The First Gulf War
Like many other Americans, I watched the Gulf War of 1990-91 on CNN. Although Vietnam is often described as the first TV war, most of the images were recorded and edited. Satellite TV made the Gulf War the first live TV war, with all the complex issues that live, unedited and sometimes uninformed coverage raises.
Another historian who was watching was Phil Taylor at the University of Leeds (U.K.). His Institute of Communication Studies had recently acquired satellite dishes to record coverage from the U.K., U.S. and European networks. Taylor later recalled to me a conversation in a pub with colleagues about what to record.
"The sociologists said we should record 10 minutes of each hour by all the networks so that we'd have a statistically representative sample. The historians disagreed. 'What do you want to record?' asked someone. 'All of it, of course,' I said, 'because we don't know yet which bits are going to be important.'
Score: Historians 1, Sociologists 0
The end product was a large cabinet with about 10,500 hours of coverage, starting from a week before the war began and continuing until a week after the ceasefire. The VHS tapes were labelled by source and date but were otherwise uncatalogued. I spent several weeks in 1994 viewing tapes from late 1990 and early 1991 to research military-media relations through a case study of the Battle of Khafji. I used the research in the fourth-year interdisciplinary course I was teaching at Ohio University. Images of War in Film, TV and Literature, and in conference presentations and a journal article.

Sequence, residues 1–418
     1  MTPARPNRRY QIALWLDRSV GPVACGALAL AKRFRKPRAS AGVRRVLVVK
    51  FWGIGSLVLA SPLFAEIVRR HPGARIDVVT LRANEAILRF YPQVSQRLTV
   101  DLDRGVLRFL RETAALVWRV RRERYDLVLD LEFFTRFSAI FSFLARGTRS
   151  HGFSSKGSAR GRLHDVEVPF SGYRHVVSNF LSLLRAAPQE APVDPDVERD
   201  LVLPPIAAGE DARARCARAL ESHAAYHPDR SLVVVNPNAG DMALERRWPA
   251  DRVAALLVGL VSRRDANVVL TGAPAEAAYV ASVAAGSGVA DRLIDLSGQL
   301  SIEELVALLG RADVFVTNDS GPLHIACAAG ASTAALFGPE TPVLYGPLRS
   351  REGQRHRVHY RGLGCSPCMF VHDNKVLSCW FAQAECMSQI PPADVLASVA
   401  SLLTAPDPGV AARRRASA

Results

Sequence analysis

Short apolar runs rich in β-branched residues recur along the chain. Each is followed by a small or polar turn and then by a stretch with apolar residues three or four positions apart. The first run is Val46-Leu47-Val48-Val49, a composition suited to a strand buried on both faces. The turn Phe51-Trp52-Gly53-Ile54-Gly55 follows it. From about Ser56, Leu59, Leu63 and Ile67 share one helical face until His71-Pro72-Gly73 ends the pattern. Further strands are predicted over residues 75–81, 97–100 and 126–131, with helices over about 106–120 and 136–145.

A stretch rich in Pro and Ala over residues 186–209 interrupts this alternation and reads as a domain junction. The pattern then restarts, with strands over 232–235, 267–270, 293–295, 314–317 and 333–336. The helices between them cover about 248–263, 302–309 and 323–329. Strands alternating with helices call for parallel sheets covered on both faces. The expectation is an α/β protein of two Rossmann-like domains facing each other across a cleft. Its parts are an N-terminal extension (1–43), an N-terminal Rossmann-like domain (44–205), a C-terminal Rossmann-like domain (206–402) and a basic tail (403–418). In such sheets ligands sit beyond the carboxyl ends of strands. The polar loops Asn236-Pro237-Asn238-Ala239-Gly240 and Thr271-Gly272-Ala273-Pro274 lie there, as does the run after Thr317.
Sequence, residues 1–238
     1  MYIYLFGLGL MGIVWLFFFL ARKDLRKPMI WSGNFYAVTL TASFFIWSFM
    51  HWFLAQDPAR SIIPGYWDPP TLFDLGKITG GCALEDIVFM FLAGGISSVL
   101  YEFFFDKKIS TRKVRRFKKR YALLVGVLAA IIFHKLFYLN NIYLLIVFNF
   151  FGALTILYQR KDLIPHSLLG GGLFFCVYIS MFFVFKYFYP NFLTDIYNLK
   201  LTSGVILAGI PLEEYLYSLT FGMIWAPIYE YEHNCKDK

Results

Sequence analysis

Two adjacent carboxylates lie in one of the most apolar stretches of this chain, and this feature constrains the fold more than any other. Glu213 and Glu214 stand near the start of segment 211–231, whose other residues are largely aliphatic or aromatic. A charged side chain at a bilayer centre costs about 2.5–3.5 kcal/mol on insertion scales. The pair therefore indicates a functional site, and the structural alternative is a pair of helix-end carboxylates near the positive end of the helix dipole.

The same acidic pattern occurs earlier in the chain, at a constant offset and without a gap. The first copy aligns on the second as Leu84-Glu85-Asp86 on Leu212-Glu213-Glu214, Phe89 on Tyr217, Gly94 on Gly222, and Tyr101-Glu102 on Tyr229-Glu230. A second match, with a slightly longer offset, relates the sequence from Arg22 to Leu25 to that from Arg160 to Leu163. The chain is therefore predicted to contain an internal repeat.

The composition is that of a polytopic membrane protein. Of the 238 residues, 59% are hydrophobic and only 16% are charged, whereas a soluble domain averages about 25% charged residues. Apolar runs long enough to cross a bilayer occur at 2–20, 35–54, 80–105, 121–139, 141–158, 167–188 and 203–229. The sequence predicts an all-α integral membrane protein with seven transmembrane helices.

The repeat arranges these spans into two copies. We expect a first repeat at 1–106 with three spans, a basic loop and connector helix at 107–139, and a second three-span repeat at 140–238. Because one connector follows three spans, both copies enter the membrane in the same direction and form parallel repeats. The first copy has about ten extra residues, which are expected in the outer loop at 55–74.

"Press Pools and Military-Media Relations in the Gulf War: A Case Study of the Battle of Khafji, January 1991," Historical Journal of Film, Radio and Television 16:2 (1996)
"Leaks in the Pool: The Press at the Gulf War Battle of Khafji," Association for Education in Journalism and Mass Communication, Washington, D.C., August 1995.
"Press Pools and Unilaterals in the Gulf War," University Film & Video Association, Keene, NH, August 1995.
"Images of the Arab Coalition in the Gulf War," Popular Culture Association, Philadelphia, 1995.